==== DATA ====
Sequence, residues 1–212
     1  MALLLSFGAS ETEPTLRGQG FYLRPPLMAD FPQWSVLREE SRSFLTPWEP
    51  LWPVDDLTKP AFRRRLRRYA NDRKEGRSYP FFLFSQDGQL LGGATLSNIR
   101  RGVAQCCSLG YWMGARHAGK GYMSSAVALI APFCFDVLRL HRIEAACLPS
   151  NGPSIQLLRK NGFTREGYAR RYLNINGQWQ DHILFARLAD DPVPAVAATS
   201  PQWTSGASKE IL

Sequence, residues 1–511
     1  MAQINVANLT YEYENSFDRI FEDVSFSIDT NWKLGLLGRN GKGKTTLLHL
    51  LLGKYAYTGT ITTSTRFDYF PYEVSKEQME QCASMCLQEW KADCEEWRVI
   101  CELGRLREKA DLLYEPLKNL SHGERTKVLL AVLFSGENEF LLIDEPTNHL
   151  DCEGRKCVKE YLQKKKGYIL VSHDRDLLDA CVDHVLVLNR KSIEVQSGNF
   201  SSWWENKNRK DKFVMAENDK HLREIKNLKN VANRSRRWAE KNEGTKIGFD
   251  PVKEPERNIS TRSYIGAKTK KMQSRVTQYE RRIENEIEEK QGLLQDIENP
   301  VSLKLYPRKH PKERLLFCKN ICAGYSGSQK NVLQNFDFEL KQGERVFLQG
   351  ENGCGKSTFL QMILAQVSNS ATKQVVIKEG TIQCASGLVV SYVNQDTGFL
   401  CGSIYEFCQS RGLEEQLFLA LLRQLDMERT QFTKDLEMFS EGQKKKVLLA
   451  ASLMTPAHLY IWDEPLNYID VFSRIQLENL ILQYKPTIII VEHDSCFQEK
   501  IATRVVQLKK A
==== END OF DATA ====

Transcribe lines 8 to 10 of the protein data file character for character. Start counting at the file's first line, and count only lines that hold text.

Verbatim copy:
     1  MAQINVANLT YEYENSFDRI FEDVSFSIDT NWKLGLLGRN GKGKTTLLHL
    51  LLGKYAYTGT ITTSTRFDYF PYEVSKEQME QCASMCLQEW KADCEEWRVI
   101  CELGRLREKA DLLYEPLKNL SHGERTKVLL AVLFSGENEF LLIDEPTNHL